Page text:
>> nonstop. >> reporter: this week, holiday mailing intensifies, with christmas only days away. a long island, new york fedex courier raymond wenz is hustling to keep up. >> i need a signature. >> reporter: delivering up to 250 packages six days a week during the holiday season. do you feel like you can keep up this pace? >> i don't think anybody can. >> reporter: tornado damage in the central u.s., supply chain shortages, and a surge in online shopping are adding to the delivery pressure. fedex expects to ship more than 100 million more packages this holiday season compared to 2019. >> we sort 6,000 packages an hour here. >> reporter: nanette malebranche is managing director of tristate district fedex express. what's different about this year? >> the volume is obviously higher. our residential volume is much higher than it has been in the past. >> reporter: the company is hoping to hire 90,000 extra employees to help them through the peak season. u.p.s. is hiring 100,000 seasonal workers. the u.s. postal service expects
to process nearly 2.3 billion pieces of mail this week, making it the busiest time for holiday shipping. though the delivery rush means longer hours for wenz, he's not complaining. it must feel good when you see people's faces when you're delivering these packages? >> oh, yeah. every one i take out, they ask, "do you like your job?" i say, "no, i love my job." >> reporter: here at this fedex facility, there are 84 miles of conveyor belts to sort these packages. now, if you miss tomorrow's ground shipping deadline, you have until december 22 to send ground shipping deadline, you two-day, and december 23 to send overnight. but fedex is closed on christmas day. norah. >> o'donnell: they deserve the day off. meg oliver, thank you. all right, there has been so much turmoil and suffering in haiti this year, and tonight, at least 66 people are dead and dozens more wounded, after a gasoline tanker truck overturned and exploded in northern haiti. we want to warn you that some of
the images you're about to see are disturbing. here's cbs' manuel bojorquez. >> reporter: flames from the explosion towered into the sky over cap-haitien, after a truck loaded with fuel crashed in a neighborhood and desperate residents rushed to collect the leaking gasoline. daylight revealed the devastation in haiti's second- largest city. at least 66 dead, with dozens more injured and hospitals overwhelmed. "unfortunately, many people died," said the city's mayor, "we couldn't save them." fuel is scarce in haiti, as gangs that control more and more of the country hijack and block the trucks transporting it.tr this disaster is the latest in a series of crises here, from a presidential assassination and massive earthquake this summer, to kidnappings, poverty, and hunger afflicting the population. >> we're sort of on overload in terms of tragedies. >> reporter: leonie hermantin is with miami's san la haitian neighborhood center, part of a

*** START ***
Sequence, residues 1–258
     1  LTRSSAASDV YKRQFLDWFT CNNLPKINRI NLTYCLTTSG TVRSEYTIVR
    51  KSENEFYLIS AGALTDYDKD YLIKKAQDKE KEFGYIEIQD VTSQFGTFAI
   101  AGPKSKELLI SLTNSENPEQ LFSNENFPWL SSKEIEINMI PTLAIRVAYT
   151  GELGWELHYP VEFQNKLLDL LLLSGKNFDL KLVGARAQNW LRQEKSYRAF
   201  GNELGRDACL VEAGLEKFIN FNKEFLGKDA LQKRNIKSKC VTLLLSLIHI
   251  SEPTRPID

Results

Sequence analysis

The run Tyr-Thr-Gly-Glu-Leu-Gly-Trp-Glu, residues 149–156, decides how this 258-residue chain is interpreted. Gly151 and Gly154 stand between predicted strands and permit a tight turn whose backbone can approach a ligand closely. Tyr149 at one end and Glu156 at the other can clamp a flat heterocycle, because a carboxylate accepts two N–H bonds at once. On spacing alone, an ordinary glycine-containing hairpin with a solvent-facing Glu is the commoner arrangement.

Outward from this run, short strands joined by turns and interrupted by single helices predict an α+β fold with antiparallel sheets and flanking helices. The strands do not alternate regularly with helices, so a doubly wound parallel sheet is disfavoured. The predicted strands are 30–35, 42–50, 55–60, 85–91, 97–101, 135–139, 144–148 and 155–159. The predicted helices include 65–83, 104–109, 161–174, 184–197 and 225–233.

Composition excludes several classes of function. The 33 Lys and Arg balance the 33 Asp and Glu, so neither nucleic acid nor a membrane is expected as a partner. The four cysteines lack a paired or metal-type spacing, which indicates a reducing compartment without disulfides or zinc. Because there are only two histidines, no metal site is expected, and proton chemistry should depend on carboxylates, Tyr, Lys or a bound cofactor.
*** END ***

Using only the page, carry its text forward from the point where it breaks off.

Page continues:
group of organizations working to send aid. >> we know that the people from the-- from cap-haitien will definitely overcome this tragedy. but it is absolutely a tragedy that did not need to happen. >> reporter: for now, she says, medical assistance is the most pressing need. manuel bojorquez, cbs news, miami. >> o'donnell: and still ahead here on tonight's "cbs evening news," the new punishment for former new york governor andrew cuomo, and why it could cost him millions. cuomo, and why it could cost him millions. he's really on his game. once-weekly trulicity lowers your a1c by helping your body release the insulin it's already making. most people reached an a1c under 7%. plus, trulicity can lower your risk of cardiovascular events. it can also help you lose up to ten pounds.
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>> o'donnell: former new york governor andrew cuomo is being ordered by a state ethics panel to turn over more than $5 million he received for his book on the pandemic. the ethics panel approved the book deal last year after cuomo promised to write it on his own time and not use state resources or workers. but an investigation last month found his staff members worked numerous hours on the book during office hours. cuomo's lawyer says he won't give up the money without a fight. all right, coming up next, in the midst of tragedy, our fellow americans rise to meet the challenge. o meet the challenge. ...and heart risk. we're working up a sweat before coffee. and saying, “no thanks...” ...to a boston cream. jardiance is a once-daily pill that can reduce the risk of cardiovascular death for adults
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truck for the winter. we were done. >> reporter: so she thought until she woke up in the morning and saw the devastation in mayfield. >> i turned on the news and i just bawled. i'm like oh, my god. i know people are going to need food. >> reporter: she had a few ingredients-- a food truck and a few thousand dollars-- but needed more to complete the recipes. so catherine raised $100,000 online. she called a few food truck friends and wound up here cooking alongside the disaster aid charity, world central kitchen. that team is used to driving into situations like this, meeting people like mark anthony, and his mother, liddy, whose home is unlivable. >> it's totally trashed. i absolutely love this home. i don't even want to leave it. >> reporter: so she didn't.en instead, she converted it into a food distribution hub for other victims of the storm. >> we're all in this together. we're all sharing, people helping. >> reporter: it's not a profound concept, but it's not meant to be. >> we're human beings. we help each other out. >> we're here for everybody because everybody is here for
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what i'm proposing today will make a lot of people uncomfortable, and i don't care. >> the top only got tougher as san francisco's mayor outlined a sleeping crime crackdown. let's mayor is appealing directly to the governor for help as a local hero launches his own effort to turn around the town. the storm cleanup continues ahead of our next round of rain, the scene is and is only getting worse tonight.
says. often called the nba's greatest shooter, tonight the numbers back him up. san francisco mayor london breed announces a sweeping new plan to crackdown on crime. >> the mayor did not mince words about it. >> it comes to an end when we take steps to be more aggressive with law enforcement, more aggressive with the changes in our policy, and less tolerant of all the bleep that has destroyed our city. >> is the for the vast majority that says it's great to hear the words and now we got to match up with actions. >> we are also called for sweeping the police and social workers in neighborhoods and she also wants to attack the rash of car burglaries, something she called an embarrassment to the city. you would like to hear from the mayor, we posted hurtful remarks on kpix.com.